Banks have also started to offer new services that would have not been possible with legacy bank connectivity. For example, APIs enable treasurers to validate beneficiary details in real time, before a payment is executed. This not only helps to reduce the risk of fraudulent payments but also to minimise the administrative burden caused by returned payments.
Despite these benefits, the majority corporates still rely on legacy bank connectivity such as host-to-host. But this is changing, as barriers to API adoption have successfully been removed over the past decade. For example, the number of banks that provide a dedicated suite of corporate API offering has significantly increased, leading to a situation in which corporates are now able to consume real-time balances across multiple bank partners and time zones, enabling a truly comprehensive view and management of liquidity. At the same time, costs and effort related to integrating with APIs has gone down. Forward-thinking treasury software providers and banks have started to build partnerships to provide their joint corporate clients with pre-built API connectivity. This enables corporates to reduce the time required for implementing API connectivity from months to weeks. And perhaps even more important to many corporates is the fact that pre-built integrations eliminate the need to allocate scarce IT resources. Against this background, it comes with little surprise to see that APIs are no longer just a thing for early adopters like fintech companies. Today, demand for API connectivity is increasingly coming from large, multinational corporates.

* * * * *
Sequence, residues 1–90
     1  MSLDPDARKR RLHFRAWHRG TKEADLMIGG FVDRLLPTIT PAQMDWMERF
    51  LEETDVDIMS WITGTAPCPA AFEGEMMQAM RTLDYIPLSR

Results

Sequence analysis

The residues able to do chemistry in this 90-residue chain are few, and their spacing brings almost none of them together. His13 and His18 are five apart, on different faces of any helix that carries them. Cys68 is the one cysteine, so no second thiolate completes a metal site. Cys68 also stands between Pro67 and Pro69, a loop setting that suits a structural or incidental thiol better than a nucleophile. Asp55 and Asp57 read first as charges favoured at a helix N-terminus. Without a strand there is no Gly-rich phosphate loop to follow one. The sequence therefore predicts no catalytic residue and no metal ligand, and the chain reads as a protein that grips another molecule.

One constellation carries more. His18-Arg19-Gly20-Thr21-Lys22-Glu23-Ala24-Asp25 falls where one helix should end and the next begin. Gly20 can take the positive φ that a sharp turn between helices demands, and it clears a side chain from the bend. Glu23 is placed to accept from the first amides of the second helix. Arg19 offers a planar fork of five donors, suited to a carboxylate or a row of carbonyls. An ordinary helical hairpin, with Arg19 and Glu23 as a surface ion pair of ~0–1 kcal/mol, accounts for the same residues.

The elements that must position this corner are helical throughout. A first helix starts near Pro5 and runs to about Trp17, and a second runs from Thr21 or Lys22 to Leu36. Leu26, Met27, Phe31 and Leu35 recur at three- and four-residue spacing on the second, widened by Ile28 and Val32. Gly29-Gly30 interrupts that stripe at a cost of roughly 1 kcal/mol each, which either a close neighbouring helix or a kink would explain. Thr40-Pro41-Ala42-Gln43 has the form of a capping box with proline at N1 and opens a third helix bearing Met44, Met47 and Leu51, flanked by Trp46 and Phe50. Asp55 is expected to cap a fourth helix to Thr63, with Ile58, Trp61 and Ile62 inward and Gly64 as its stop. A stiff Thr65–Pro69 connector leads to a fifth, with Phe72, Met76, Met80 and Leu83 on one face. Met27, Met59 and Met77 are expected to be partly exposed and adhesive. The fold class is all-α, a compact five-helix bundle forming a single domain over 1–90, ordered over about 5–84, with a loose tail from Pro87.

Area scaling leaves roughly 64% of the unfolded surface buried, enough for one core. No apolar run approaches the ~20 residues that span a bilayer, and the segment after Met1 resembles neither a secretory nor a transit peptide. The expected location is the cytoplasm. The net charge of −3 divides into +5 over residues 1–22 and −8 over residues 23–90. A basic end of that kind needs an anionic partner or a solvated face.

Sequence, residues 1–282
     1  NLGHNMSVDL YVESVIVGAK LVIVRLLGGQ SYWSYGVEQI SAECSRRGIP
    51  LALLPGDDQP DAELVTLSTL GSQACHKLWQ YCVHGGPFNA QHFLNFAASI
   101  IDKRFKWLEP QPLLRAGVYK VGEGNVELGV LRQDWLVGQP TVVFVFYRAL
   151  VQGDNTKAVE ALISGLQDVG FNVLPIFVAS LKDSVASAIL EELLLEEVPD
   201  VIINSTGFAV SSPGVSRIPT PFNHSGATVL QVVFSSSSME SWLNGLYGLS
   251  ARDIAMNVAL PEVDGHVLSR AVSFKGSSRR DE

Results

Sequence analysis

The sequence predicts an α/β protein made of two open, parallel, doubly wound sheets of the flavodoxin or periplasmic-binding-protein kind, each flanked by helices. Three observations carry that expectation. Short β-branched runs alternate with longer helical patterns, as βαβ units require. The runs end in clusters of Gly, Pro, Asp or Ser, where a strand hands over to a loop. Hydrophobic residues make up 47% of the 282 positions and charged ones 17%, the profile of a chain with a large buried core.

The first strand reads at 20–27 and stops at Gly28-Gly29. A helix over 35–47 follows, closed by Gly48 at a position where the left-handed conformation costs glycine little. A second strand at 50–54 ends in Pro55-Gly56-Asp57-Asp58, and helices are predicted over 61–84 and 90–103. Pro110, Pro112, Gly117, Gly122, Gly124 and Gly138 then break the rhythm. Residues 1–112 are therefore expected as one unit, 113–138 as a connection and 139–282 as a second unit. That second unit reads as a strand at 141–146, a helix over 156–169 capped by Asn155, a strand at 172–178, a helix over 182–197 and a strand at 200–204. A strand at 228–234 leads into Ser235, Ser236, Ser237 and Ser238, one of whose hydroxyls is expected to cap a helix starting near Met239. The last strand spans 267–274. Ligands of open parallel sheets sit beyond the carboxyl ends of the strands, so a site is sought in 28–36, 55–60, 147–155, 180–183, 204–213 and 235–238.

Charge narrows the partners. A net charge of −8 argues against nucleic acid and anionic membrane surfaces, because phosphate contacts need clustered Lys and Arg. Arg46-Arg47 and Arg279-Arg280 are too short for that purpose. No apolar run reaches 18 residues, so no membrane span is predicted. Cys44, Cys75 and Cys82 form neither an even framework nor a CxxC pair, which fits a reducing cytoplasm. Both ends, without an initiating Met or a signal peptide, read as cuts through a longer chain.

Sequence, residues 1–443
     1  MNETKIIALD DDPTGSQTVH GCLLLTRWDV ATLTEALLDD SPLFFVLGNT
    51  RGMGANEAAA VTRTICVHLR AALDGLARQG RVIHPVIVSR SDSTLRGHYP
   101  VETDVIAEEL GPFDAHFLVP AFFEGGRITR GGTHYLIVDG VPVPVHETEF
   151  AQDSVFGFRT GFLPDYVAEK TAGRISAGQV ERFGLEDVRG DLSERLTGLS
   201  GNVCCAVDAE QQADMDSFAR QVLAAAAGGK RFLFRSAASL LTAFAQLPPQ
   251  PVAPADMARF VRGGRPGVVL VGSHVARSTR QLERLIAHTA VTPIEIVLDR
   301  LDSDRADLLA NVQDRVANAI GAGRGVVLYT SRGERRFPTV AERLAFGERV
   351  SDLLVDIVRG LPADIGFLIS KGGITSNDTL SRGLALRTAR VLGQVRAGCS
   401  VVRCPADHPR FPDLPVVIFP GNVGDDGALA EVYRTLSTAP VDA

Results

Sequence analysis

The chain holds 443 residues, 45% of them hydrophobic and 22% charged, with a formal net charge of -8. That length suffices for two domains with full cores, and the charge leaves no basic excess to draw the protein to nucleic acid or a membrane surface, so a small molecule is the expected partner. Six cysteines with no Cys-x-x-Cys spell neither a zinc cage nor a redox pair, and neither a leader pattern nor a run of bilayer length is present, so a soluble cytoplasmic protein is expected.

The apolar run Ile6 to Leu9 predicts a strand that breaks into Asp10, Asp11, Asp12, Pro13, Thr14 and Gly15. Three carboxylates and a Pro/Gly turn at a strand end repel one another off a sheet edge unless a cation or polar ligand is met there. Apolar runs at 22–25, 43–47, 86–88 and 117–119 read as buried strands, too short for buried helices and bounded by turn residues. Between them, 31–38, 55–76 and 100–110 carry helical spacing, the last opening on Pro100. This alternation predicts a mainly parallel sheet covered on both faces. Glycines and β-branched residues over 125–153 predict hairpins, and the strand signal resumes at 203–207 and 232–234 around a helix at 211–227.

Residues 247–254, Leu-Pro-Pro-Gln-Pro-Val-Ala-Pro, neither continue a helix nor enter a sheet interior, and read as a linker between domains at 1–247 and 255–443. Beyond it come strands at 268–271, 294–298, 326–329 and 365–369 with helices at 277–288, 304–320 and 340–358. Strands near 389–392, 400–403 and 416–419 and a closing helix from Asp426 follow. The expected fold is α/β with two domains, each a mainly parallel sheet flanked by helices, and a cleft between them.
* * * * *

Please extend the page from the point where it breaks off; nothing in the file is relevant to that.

Deutsche Bank’s Montiegel believes APIs represent the core enabler for real-time treasury.